'It Is Scarce and Available to All': How Brud Is Using the Blockchain to Transform Storytelling

Sam Blake

Sam primarily covers entertainment and media for dot.LA. Previously he was Marjorie Deane Fellow at The Economist, where he wrote for the business and finance sections of the print edition. He has also worked at the XPRIZE Foundation, U.S. Government Accountability Office, KCRW, and MLB Advanced Media (now Disney Streaming Services). He holds an MBA from UCLA Anderson, an MPP from UCLA Luskin and a BA in History from University of Michigan. Email him at samblake@dot.LA and find him on Twitter @hisamblake

lil Miquela

Lil Miquela, the computer-generated virtual influencer designed and operated by L.A.-based Brud, dropped her third in a series of five NFTs last week.

The five-part "Venus" series is the latest step in Brud's mission to create not just a new type of media company, but also to build what many technologists consider the next iteration of the internet.


Brud (rhymes with 'spud') was co-founded in 2014 by Trevor McFedries, who considers himself a creative entrepreneur. A former professional DJ and longtime computer coder, before launching Brud he was an early hire at Spotify, where he was brought in to bridge the gap between technologists and creatives. McFedries has since built Brud into a company of about 35 employees with a valuation around $144 million.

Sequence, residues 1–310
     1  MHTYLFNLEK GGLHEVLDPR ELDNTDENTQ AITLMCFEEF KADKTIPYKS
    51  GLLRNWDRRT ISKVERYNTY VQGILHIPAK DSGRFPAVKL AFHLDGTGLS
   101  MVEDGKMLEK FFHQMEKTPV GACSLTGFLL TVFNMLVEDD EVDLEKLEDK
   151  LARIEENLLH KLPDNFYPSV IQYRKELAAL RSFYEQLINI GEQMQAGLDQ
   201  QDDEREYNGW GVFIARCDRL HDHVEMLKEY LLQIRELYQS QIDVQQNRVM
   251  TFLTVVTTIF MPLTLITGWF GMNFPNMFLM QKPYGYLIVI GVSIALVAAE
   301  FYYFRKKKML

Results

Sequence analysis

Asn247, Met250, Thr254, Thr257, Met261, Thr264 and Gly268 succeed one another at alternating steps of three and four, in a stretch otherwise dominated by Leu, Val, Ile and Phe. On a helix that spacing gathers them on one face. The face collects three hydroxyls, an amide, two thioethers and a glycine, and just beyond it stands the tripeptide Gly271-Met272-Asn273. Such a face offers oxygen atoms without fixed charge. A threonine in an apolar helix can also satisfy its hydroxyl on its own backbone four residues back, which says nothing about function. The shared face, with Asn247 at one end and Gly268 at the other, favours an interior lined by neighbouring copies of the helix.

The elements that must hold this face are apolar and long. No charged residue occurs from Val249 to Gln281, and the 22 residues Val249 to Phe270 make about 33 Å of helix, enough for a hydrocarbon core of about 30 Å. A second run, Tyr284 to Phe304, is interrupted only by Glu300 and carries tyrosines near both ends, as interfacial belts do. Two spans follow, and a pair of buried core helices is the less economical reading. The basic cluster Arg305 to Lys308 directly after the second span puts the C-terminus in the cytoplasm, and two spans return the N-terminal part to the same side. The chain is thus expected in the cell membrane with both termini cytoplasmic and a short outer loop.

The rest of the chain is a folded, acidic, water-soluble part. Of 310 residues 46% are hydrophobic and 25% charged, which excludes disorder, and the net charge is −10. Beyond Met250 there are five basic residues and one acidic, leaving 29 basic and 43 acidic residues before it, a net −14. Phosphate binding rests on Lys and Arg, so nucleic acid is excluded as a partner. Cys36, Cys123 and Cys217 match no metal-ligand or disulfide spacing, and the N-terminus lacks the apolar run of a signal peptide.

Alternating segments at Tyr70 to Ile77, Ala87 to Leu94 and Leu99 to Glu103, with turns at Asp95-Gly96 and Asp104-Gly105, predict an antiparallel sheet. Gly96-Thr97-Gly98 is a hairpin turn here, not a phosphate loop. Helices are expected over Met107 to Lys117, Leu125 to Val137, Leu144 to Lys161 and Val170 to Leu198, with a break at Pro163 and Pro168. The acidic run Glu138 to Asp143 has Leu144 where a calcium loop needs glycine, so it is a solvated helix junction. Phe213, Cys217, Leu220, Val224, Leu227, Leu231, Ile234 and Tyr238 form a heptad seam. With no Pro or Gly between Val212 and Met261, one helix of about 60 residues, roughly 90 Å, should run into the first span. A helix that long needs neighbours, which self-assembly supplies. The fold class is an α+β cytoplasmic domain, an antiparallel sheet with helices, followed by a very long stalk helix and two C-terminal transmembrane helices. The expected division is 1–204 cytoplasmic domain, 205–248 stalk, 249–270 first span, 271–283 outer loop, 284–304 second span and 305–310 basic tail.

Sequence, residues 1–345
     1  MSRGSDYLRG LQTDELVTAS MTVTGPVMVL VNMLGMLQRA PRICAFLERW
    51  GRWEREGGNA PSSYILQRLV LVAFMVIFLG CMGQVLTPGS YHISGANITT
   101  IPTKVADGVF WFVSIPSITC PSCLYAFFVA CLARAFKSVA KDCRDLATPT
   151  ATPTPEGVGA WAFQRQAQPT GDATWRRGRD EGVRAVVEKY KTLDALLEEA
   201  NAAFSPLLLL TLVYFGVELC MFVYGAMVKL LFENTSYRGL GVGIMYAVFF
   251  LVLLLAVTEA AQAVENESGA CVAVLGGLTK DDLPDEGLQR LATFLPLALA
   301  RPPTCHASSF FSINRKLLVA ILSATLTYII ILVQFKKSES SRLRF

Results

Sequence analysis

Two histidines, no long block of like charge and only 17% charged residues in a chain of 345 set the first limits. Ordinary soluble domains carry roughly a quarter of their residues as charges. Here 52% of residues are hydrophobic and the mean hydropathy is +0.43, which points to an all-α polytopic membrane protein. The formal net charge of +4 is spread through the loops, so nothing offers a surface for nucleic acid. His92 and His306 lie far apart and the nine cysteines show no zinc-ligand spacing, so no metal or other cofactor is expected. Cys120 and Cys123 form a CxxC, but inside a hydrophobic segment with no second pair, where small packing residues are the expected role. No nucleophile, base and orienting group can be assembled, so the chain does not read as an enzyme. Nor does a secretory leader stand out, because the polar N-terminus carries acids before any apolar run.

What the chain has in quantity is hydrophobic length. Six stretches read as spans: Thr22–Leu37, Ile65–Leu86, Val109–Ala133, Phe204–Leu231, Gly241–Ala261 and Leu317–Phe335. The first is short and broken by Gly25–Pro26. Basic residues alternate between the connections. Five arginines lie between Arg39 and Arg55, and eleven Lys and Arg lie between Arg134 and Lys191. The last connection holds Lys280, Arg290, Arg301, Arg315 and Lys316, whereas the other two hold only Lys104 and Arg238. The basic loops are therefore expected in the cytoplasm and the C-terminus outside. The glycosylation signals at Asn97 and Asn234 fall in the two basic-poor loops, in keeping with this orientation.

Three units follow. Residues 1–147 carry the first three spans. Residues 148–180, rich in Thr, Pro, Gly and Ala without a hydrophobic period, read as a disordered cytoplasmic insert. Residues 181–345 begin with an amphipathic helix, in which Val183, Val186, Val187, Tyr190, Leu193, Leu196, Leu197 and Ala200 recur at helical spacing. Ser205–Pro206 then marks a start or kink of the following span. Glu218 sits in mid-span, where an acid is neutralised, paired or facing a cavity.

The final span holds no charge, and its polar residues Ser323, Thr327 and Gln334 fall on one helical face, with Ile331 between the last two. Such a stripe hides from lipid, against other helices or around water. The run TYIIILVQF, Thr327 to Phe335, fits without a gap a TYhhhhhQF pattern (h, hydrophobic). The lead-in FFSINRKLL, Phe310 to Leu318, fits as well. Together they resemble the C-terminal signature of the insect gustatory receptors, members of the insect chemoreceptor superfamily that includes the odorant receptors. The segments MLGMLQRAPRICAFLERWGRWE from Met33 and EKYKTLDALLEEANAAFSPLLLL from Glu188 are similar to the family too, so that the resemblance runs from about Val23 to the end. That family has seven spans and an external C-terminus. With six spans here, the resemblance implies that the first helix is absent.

"Non-fungible tokens" are certificates of ownership that use blockchain to verify the provenance and ownership of digital assets, including artworks, songs and video clips. For the "Venus" series, each token is tied to an underlying digital artwork that can exist as a standalone piece or as part of a collection that will roll out over the next several months.

lil miquela

Lil Miquela is a new sort of media property.

Just as NFTs are a new type of asset, Miquela is a new sort of media property. She is a 19-year-old, socially conscious and perpetually hip animated character who inhabits the internet and straddles the line between fiction and reality. She interacts with her millions of fans from China to Brazil via social media comments and posts, peddles products and never gets tired.

Critics have derided Miquela and other virtual influencers for perpetuating unrealistic standards of beauty and coolness, for potentially stealing jobs from real humans and for injecting uncertainty into what is and isn't true on the internet. Yet to her fans and creators, she is a racially ambiguous champion of progressive causes that impact the real world.